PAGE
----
FIG. 1 represents a simplified block diagram of the primary functional components of a security system of this invention. In the preferred embodiment, this security system is used for securing a vehicle. However, the system of the present invention may be used to secure other areas such as houses, buildings or the like. The security system generally involves the interaction between an operator and a system controller 35 to control, exercise and activate various system operational functions and features of the system. The system of the preferred embodiment includes a radio-frequency (RF) remote-control transmitter 25 and a control module 29. Control module 29 includes an RF receiver 33, which receives a digital, encoded signal through an antenna 31. This signal is sent from remote-control transmitter 25 through its antenna 27. Other components of the system which are embodied within control module 29 include controller 35, a power supply 39, an RF power supply RC filter 41, a decoder (not shown) and an external electrically programmable and erasable read-only memory EEPROM 37. Additionally, external to control module 29 are various sensors, including, but not limited to a shock sensor 43, a field disturbance sensor 45, and a glass break sensor 47. The incoming digital signal code is referred to herein as the code word. It is either presented directly to controller 35, for decoding, or in the alternative, to the system integrated circuit decoder (not shown) for decoding or descrambling the code word and to extract and provide the proper channel outputs which are then presented to controller 35 for execution. The interpretation of the language is to execute a specific command as desired by the user/operator by depressing or activating a switch of remote-control transmitter 25.

The system of the preferred embodiment provides a user with an opportunity to employ a plurality of system hardware to generate status and alarm inputs. These inputs are shown along the left side of controller 35. These inputs communicate a breach of security to the area and/or provide system commands to controller 35 as described below. The system hardware may include, but is not limited to program switches, jumpers, or jumper pins, valet switches, ignition switches, and/or a myriad of sensors.

Most commands are communicated to controller 35 during normal use of the vehicle, such as turning the ignition on or off, and opening or closing of the hood, trunk, or doors. Remote-control transmitter 25, in the hands of the operator or user, can issue/communicate operational, operational function programming, system, and operational testing commands to controller 35. These commands are represented by a stream of binary bits of data that are assembled into a predetermined sequence to make up the code word which is communicated to controller 35. This code word may contain remote-control transmitter's 25 fixed serial number, identification code, channel identification bits, anti-scan bits, synchronization bits, algorithm bits and/or any other information required or desired by a particular system or application. These remote-control transmitter 25 code words are assembled at remote-control transmitter 25 to communicate specific commands to controller 35.

The preferred embodiment of this invention provides for the code word sent from remote-control transmitter 25 to change its binary value from transmission to transmission by changing the binary value of its hopping word. This invention further provides for the code word to employ a fixed word having a number of bits which are fixed and do not change their binary value within the code word from word to word and from transmission to transmission. It also provides for a hopping word having a number of bits that are hopping or change their binary value with each transmission, thereby inhibiting a potential intruder from deactivating or disarming the alarm system. Finally, this invention provides for interlacing or scrambling the fixed code bits with the changing or hopping bits. This provides for a very difficult descrambling operation to a potential thief or intruder, as he or she would not know which of the bits in the code word are fixed and which are hopping/changing. Thus, a potential thief is unable to predict or decipher the code word and therefore is unable to send the system the correct code word to disarm it.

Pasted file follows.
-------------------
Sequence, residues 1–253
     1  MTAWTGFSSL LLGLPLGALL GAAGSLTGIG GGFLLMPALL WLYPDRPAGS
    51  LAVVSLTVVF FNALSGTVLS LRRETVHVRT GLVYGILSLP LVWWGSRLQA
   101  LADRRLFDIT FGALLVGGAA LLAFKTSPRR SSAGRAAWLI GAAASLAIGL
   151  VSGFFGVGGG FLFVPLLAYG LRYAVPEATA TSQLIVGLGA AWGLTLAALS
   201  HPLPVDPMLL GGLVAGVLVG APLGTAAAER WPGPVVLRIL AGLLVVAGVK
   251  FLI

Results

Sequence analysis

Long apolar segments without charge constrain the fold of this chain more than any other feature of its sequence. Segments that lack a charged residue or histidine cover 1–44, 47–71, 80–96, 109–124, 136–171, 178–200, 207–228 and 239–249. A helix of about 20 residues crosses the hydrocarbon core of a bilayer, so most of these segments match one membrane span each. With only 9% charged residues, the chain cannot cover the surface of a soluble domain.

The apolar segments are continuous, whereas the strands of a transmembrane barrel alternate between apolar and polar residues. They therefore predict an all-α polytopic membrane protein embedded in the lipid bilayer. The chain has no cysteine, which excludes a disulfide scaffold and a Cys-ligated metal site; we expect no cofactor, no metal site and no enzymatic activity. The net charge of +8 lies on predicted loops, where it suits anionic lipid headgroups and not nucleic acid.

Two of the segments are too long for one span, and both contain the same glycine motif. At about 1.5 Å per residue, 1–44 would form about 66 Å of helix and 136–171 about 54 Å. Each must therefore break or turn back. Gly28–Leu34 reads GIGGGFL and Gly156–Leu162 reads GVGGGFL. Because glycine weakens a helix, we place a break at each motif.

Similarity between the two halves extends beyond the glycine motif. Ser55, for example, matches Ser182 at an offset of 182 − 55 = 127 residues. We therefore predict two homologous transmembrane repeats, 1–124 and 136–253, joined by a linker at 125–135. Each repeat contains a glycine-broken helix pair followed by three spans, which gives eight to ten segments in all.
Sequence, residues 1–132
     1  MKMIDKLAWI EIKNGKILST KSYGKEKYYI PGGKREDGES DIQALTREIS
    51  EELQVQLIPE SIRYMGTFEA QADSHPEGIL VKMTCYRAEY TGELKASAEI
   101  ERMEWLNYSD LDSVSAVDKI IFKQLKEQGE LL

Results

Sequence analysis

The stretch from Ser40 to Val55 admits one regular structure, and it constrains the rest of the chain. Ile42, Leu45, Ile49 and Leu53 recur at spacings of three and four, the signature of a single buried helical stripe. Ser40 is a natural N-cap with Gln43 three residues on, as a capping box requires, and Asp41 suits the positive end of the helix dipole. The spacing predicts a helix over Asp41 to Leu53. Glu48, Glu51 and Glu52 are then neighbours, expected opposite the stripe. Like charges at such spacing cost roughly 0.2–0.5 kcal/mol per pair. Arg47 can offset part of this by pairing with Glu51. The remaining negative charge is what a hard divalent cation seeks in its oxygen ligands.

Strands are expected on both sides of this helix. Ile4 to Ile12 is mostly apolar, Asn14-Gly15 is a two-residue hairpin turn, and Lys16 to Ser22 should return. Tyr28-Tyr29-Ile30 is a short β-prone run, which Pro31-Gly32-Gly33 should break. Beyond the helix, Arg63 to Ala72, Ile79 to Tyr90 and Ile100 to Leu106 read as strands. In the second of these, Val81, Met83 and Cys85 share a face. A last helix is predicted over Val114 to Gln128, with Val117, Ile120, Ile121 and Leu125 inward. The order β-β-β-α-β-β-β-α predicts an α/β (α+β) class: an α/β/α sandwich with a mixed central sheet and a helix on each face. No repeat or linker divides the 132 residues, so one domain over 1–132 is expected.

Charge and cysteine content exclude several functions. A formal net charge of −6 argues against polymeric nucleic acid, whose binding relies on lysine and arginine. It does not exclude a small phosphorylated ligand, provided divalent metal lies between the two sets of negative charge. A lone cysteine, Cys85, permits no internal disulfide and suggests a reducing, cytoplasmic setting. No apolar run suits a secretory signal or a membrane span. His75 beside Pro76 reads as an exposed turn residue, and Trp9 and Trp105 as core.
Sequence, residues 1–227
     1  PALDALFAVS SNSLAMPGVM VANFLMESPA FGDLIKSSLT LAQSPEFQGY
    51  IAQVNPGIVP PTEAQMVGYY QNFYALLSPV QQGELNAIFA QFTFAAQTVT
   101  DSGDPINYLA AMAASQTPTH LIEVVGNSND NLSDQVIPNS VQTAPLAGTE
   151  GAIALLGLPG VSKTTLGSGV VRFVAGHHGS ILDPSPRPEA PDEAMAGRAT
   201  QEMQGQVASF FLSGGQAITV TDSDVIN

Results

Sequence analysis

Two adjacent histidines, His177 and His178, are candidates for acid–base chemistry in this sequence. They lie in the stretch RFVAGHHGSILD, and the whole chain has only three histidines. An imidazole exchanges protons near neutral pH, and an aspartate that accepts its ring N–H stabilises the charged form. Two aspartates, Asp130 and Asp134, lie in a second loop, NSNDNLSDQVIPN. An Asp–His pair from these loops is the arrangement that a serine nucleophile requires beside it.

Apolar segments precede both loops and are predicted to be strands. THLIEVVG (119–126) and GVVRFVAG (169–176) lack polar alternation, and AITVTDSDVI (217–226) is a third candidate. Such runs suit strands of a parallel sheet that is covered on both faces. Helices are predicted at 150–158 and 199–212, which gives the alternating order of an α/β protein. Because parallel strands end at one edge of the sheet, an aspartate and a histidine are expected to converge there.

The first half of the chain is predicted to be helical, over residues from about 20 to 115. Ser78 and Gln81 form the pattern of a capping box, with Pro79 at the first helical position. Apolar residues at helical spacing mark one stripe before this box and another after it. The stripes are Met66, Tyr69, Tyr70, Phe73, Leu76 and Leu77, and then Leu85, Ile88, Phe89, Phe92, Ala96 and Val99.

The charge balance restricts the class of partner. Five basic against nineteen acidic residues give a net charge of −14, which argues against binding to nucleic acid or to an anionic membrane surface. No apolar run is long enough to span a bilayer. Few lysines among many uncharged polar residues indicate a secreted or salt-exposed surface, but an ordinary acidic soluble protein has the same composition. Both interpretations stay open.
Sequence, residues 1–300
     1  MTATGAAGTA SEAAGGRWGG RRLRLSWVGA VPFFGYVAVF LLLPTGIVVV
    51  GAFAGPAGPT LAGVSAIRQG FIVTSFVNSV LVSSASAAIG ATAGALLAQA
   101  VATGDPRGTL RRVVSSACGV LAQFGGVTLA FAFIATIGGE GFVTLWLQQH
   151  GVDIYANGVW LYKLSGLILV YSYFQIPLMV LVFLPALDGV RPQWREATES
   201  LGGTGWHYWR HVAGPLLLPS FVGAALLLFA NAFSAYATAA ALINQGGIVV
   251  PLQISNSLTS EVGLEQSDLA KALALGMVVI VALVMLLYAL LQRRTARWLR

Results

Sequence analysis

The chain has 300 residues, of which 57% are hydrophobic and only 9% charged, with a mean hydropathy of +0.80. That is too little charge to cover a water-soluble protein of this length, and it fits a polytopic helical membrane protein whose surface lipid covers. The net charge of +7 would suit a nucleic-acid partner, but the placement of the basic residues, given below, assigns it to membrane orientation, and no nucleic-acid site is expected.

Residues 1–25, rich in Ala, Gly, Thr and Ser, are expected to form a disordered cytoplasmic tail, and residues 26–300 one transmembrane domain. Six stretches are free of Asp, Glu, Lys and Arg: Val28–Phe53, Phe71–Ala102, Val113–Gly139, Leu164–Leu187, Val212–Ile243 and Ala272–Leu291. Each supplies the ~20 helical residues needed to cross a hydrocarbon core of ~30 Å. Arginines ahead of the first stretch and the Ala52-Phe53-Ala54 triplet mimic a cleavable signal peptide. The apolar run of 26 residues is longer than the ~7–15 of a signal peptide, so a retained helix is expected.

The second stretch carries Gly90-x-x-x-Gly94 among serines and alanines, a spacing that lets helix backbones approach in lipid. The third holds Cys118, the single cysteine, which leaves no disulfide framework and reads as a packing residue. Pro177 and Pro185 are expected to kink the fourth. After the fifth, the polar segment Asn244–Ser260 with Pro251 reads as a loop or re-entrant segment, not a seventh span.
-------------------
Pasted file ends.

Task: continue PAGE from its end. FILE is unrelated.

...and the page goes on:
Throughout this text the language "hopping" will be interchangeably used with the language "changing". The two have the identical meaning of changing binary value. Throughout this text the language "scrambled" will be interchangeably used with the language "interlaced". The two terms have the identical meaning of positioning fixed and hopping code bits in an intermixed or unsegregated arrangement wherein some fixed bit or bits are surrounded or are positioned adjacent to some hopping bit or bits and vice versa.

In one preferred embodiment of this invention, remote-control transmitter 25 code, including its hopping algorithm, location of its fixed and hopping bits, its security identification, channel identification and the like is preset in remote-control transmitter 25 by programming initiated by remote-control transmitter 25 encoder manufacturer, remote-control transmitter 25 manufacturer, the installation facility, or the user.

The preferred embodiment of this invention is embodied within an auto security system. In the preferred embodiment, the vehicle battery and associated filter and regulator 39 supply power to control module 29. The battery provides a nominal 12.6 volts direct current (DC) power to all powered inputs to control module 29. Power supply 39 filters and regulates the power to supply either 5 or 12 volts as required by the components of control module 29. RF receiver 33 power is further isolated and filtered by an additional resistor and capacitor (RC) filter 41. Remote-control transmitter 25 is normally powered by either 3 volt lithium batteries (one or more) or by a 9 or 12 volt miniature alkaline battery.